Listening for sounds:
Your child will be learning new things every day and gradually building more and more knowledge about the world around them.
In the Foundation Stage, these different areas of learning are split in to Prime areas and Specific areas. As well as these areas of learning, we will also be helping your child to develop the characteristics of effective learning: playing and exploring, active learning, and creating and thinking critically.
You are a key part of this and especially in helping to open the door to reading. You can make a huge difference by:
-reading lots of books (in English or home languages),
-listening to all kinds of sounds, and
-making and talking about all kinds of sounds.
These pre-phonic skills are really easy to add in to your day and don’t need lots of resources!
What sounds do their TOYS make? What sounds would the tractor make in real life? What does a bus sound like when it goes past the window? Help your child to notice and imagine, maybe they can try and make the same noise?
What sounds can you hear OUTSIDE? In the street? In the market? On the bus? Are they loud or quiet? Are they long or short sounds?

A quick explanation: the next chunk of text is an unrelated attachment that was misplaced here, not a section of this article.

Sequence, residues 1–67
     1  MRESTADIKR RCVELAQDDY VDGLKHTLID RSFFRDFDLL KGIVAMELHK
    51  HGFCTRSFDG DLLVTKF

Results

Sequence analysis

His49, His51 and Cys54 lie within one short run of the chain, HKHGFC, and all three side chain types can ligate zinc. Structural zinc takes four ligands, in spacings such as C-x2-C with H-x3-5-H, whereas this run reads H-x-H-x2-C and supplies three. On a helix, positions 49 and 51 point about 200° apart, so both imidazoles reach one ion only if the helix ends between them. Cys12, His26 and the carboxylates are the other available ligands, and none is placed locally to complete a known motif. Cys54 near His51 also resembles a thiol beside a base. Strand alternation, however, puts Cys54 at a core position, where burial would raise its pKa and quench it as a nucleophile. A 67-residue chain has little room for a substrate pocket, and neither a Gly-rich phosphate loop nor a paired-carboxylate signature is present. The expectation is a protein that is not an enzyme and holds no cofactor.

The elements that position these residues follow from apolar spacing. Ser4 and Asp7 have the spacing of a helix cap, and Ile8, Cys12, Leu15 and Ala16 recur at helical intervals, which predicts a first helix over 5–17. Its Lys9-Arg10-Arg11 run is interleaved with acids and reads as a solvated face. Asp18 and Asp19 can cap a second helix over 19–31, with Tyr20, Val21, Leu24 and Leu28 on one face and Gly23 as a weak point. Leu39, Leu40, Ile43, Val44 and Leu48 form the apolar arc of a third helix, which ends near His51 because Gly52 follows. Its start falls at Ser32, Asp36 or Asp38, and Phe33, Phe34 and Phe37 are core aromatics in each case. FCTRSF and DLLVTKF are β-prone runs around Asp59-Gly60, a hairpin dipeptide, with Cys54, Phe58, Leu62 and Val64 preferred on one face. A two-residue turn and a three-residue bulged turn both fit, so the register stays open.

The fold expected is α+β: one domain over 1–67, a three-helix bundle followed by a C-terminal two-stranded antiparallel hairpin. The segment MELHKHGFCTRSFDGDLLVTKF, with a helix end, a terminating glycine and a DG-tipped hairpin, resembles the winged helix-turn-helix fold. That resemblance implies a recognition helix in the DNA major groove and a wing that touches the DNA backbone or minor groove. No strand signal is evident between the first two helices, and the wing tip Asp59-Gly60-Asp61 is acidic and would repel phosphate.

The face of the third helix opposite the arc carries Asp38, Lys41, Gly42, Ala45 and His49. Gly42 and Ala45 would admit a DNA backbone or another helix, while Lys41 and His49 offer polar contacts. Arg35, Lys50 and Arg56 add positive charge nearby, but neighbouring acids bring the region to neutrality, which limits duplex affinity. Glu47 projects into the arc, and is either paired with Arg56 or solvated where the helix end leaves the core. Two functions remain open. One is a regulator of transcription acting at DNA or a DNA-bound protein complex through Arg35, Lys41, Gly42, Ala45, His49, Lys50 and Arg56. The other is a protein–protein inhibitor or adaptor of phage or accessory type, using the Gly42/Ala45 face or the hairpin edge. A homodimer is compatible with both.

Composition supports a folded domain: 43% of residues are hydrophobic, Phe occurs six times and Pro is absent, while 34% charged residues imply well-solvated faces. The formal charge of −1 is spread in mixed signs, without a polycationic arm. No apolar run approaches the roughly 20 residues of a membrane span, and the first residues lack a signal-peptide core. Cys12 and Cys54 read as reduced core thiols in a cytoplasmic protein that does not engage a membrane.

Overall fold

What sounds can you hear INSIDE? Can you hear the washing machine? Can you hear the vacuum cleaner? Can you hear the cat purring?
Play around with rhythm and rhyme – can you sing some nursery rhymes? Can you make up some funny rhymes? If you have some rhyming books, try pausing before the rhyming word and encourage your child to fill in the missing word.
- When drawing together, try drawing a snake and a sock. Point out that these things both begin with a ‘s’ sound. Make the hissing s sound. If you say the name of the letter ‘ess’ it won't make as much sense to your child as the words aren't pronounced essnake or essock. Add some more ‘s’ pictures e.g. snail, spider etc. Your child may be able to suggest some ideas as well.’